It also lays down that whoever causes any circumstance to exist or makes any false entry in any book or record, or makes any document containing a false statement, intending that such circumstance, false entry or false statement may appear in evidence in a judicial proceeding, or in a proceeding taken by law before a public servant as such, or before an arbitrator, and that such circumstance, false entry or false statement, so appearing in evidence, may cause any person who, in such pro¬ceeding, is to form an opinion upon the evidence to entertain an erroneous opinion touching any point material to the result of such proceeding is said “to fabricate false evidence.”In the first place, although the intention forms the essence of the two offences of giving false evidence and fabricating false evidence, in the case of the former only the general intention is sufficient, but in the case of the latter particular intention is essential, viz., to cause a person in a proceeding to entertain an erroneous opinion by causing any circumstance to exist or making any false entry in a book or making any false statement.In the next place, in the case of giving false evidence the offence is committed by a person who is legally bound by an oath to state the truth. This is not necessary in the case of fabricating false evidence.In the third place, the false statement need not be on any material point, but in the case of fabricating false evidence in order to make out the offence, it must be on a material point.In the fourth place the effect of the evidence on the person who is to form an opinion upon the evidence in a proceeding is immaterial in false evidence, but it is very essential in the case of fabricating false evidence.And, lastly, there should be a proceeding being conducted in the case of false evidence, but such proceeding need not be in existence in the case of fabricating false evidence; there need only be a prospect of such proceeding where the evidence so fabricated in intended to be used.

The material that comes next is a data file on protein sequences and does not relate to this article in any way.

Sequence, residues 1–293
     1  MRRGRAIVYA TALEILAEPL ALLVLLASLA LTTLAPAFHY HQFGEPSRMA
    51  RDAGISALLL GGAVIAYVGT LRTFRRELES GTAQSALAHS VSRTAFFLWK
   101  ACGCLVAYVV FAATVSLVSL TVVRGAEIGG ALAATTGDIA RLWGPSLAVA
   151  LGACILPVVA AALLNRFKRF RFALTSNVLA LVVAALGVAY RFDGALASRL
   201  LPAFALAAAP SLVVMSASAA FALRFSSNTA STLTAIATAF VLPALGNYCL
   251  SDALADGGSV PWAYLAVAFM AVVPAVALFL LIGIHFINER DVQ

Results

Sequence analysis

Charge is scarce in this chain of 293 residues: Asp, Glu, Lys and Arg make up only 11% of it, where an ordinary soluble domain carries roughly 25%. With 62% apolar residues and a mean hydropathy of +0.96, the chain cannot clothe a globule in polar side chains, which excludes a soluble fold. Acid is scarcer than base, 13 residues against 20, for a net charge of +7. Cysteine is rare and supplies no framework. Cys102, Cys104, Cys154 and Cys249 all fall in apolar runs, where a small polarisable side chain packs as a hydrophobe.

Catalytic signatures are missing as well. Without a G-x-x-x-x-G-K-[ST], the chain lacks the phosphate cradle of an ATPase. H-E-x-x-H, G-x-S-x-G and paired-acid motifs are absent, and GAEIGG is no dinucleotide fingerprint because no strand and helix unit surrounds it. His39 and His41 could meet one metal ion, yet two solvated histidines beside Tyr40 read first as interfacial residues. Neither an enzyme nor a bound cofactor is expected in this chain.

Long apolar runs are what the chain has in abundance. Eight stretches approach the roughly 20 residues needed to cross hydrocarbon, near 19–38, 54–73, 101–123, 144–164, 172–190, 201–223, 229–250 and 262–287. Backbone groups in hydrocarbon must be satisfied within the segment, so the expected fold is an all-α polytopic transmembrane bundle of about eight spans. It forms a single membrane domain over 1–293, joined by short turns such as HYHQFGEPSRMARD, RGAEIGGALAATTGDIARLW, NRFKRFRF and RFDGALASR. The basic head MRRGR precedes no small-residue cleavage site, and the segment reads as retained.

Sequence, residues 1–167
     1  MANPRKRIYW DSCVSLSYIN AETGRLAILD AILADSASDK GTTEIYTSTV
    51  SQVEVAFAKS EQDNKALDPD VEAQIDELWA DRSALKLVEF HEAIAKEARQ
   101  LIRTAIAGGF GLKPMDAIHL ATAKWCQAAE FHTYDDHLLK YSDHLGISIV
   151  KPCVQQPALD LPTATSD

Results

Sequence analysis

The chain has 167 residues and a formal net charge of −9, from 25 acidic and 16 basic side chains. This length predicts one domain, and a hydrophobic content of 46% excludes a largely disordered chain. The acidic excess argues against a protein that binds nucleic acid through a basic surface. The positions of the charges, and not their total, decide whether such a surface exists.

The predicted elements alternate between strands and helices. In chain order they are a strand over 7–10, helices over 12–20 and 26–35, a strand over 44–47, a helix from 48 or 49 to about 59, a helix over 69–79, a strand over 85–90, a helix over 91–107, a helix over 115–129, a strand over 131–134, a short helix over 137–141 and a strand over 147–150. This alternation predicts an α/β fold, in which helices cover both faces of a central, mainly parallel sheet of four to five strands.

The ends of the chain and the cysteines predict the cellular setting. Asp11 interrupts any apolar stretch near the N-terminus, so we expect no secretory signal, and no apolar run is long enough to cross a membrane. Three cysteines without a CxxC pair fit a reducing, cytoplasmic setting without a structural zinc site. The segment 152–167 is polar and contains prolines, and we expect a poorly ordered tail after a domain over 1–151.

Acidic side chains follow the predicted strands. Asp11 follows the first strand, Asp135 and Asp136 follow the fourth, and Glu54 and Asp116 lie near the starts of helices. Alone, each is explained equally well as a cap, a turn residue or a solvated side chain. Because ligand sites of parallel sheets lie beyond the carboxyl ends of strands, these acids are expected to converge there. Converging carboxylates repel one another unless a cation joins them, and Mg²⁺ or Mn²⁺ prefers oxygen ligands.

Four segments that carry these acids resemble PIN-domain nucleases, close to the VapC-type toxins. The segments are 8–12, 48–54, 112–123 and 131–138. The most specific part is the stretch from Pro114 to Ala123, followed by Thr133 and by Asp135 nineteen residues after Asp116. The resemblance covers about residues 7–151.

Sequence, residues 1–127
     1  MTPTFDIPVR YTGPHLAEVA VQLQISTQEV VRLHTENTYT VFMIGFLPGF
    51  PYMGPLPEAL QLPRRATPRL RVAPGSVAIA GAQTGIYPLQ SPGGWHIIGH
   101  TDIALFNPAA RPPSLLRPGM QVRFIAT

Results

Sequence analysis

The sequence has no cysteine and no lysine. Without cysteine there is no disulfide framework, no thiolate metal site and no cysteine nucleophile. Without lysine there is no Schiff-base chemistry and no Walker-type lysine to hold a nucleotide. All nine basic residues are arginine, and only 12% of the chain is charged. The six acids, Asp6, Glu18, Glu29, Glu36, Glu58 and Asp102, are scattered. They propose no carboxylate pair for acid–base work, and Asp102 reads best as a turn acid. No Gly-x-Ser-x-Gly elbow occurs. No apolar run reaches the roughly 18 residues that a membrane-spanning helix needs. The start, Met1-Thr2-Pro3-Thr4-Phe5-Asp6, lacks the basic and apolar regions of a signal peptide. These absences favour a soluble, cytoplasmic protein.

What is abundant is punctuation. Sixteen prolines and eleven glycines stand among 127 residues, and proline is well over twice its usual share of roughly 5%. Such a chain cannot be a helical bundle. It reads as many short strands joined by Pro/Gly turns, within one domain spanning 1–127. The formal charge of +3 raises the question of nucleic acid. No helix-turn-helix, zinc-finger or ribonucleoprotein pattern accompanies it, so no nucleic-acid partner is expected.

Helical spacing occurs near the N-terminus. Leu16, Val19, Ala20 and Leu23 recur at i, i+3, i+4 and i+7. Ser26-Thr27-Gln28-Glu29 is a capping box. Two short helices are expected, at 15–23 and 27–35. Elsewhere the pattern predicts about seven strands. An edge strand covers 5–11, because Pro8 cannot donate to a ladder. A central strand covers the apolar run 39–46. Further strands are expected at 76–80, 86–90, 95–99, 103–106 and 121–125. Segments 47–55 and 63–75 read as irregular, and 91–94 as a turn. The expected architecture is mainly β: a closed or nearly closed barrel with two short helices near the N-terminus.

1. Kanti Lal vs Smt. Shanti Devi And Ors. AIR 1997 Raj 230, 1998 (3) WLC 490, 1997 (1) WLN 448
2. Godrej And Boyce Manufacturing ... vs The Union Of India And Others 1991 (4) BomCR 451, 1992 CriLJ 3752
3. Kamla Prasad Singh vs Hari Nath Singh &Anr 1968 AIR 19, 1967 SCR (3) 828
4. Dr. S. Dutt vs State Of Uttar Pradesh1966 AIR 523, 1966 SCR (1) 493
5. MohmodJahed vs. The Government of NCT of Delhi (1998 (2) Crimes 325 SC)
6. Dr. Manjunath vs. N.S. Nagarathna (1998 (1) Crimes 175 Karnataka HC)